• CLOSED Grand Canyon: A Journey of Wonder, a 20 minute movie that takes viewers on a rim to river and dawn to dusk journey through the park. Movie starts on the hour and half-hour. The theater is temporairly closed for renovation
  • CLOSED Explore exhibits inside the visitor center, including: a large video-enabled relief map, a Science On a Sphere® program, and displays of historic artifacts.
  • Shop at Grand Canyon Conservancy's Park Store, (Current Hours: Open 8 am - 7 pm daily) in the Visitor Center Plaza. Featured are a wide variety of books, maps, and souvenirs, to help you plan, or share your trip to Grand Canyon. Learn about the geology, ecology, and human history of the region, or find the perfect canyon-inspired gift. Your purchase goes towards protecting and enhancing Grand Canyon National Park for present and future generations. Visit Online Store >
  • Rent a bicycle or take a guided bicycle tour, through Bright Angel Bicycles, in the Visitor Center Plaza, available March through October, or when weather allows. A coffee bar with "grab and go" food options is also located here. Learn More...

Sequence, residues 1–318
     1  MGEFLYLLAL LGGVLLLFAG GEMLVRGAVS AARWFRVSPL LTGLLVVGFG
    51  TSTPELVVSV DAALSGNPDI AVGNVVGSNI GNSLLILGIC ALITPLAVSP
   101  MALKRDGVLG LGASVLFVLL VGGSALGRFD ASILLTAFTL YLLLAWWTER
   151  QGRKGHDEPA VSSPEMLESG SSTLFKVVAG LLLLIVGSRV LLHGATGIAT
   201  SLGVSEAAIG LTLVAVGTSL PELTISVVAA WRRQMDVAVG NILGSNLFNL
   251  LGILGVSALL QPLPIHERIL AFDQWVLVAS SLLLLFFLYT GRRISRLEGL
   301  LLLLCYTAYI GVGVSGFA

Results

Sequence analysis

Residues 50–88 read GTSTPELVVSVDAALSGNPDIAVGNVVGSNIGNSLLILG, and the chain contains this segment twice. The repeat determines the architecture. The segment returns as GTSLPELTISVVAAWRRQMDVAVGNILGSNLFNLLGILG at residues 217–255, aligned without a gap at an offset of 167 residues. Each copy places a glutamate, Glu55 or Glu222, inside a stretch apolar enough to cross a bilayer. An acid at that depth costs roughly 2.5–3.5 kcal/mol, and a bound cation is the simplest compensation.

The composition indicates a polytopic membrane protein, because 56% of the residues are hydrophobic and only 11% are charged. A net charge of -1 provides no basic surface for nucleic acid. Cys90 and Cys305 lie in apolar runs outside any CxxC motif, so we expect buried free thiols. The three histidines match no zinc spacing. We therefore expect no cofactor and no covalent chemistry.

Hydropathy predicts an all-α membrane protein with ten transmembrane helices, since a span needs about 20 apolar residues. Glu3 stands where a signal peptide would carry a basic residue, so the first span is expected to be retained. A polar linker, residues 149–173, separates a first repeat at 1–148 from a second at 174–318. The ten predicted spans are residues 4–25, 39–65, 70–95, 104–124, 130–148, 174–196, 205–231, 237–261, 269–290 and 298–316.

Getting Around

SHUTTLESThe free shuttle bus system is a great way to get around the park. Many visitors choose to leave their vehicles in one of the 4 parking lots that surround the Visitor Center Plaza, and use the free shuttles to get around.

Note: When Coconino County is in High COVID-19 Community Levels, masks are required on park shuttle buses. Check the alert at the top of the page for our current status.